Bone of ‘Scotland’s Dodo’ unearthed

Tom Brock with the Great Auk bone.  Photo: Rob McDougall
Tom Brock with the Great Auk bone. Photo: Rob McDougall

A second internationally-important finding has been uncovered following an archaeological dig at the Scottish Seabird Centre.

A bone from Scotland’s extinct Great Auk, a species last seen in British waters on St Kilda in 1840, has been recovered at the Kirk Ness site, now known as North Berwick.

The archaeological dig by Edinburgh-based Addyman Archaeology, and supported by Historic Scotland, revealed bones of butchered seals, fish and seabirds, including the bone of the Great Auk.

The upper arm bone (distal right humerus) of the flightless bird – best known as ‘Scotland’s Dodo’ – was unearthed at the entrance area of an early building and has been radio carbon dated to the 5th to 7th centuries.

Tom Brock OBE, Chief Executive of the Scottish Seabird Centre, in East Lothian, said: “The discovery of the Great Auk bone on site at the Scottish Seabird Centre is fascinating but also very sad.

“We are so fortunate in Scotland to have a rich variety of seabirds and we must use the extinction of the Great Auk as a warning to future generations to look after our wonderful wildlife and the marine environment as an absolute priority.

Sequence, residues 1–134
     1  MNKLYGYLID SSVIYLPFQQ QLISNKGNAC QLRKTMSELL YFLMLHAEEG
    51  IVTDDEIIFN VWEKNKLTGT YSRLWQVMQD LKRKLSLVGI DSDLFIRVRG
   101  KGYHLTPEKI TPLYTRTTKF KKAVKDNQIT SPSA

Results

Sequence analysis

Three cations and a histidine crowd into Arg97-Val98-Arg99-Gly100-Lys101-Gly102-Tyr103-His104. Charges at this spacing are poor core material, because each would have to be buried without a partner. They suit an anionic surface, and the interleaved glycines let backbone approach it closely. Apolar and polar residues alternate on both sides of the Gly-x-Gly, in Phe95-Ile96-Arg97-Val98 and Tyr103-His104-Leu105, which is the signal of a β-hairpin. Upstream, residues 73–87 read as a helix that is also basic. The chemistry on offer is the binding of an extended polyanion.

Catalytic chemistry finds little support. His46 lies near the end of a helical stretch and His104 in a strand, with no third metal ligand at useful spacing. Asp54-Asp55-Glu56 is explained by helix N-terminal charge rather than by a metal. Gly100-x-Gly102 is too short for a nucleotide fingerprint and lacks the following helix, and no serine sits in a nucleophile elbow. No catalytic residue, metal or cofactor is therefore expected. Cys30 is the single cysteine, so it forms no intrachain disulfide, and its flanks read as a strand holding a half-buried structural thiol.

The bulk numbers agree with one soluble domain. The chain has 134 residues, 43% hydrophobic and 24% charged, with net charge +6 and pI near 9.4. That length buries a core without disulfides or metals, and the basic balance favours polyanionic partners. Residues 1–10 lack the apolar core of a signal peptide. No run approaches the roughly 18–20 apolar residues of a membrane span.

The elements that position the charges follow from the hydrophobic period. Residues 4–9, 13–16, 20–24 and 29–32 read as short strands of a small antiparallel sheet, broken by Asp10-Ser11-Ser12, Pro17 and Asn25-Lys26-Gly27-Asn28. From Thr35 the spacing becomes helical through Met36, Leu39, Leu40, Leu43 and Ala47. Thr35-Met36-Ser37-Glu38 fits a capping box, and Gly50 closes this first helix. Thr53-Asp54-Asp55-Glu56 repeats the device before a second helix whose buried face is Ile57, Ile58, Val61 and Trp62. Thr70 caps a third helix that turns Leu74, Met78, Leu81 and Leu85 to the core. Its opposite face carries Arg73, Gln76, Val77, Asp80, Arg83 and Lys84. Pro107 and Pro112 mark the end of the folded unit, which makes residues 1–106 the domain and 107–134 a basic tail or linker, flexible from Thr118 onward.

“There are both behavioural and environmental lessons that must be taken from this internationally-important finding, and as an educational and conservation charity we will remain dedicated to inspiring people to enjoy, protect and learn about wildlife and the natural environment.”

The seabird was a favoured food source in medieval times and, being flightless, was comparatively easy to catch.

Human predation led to the inexorable decline of the species, ensuring that by the middle of the 19th century it had become persecuted and exploited into extinction.

The penguin-like bird was a one metre tall seabird whose range at one time extended from the north-eastern United States across the Atlantic to the British Isles, France and Northern Spain.

Because of its value for both food and as a source of oil in the Middle Ages, the Great Auk was hunted down relentlessly until it became the most eagerly wanted taxidermy specimen, and its eggs prized collectors’ trophies.

Unable to escape hunters on its stubby wings, the auk was wiped out systematically from its breeding grounds.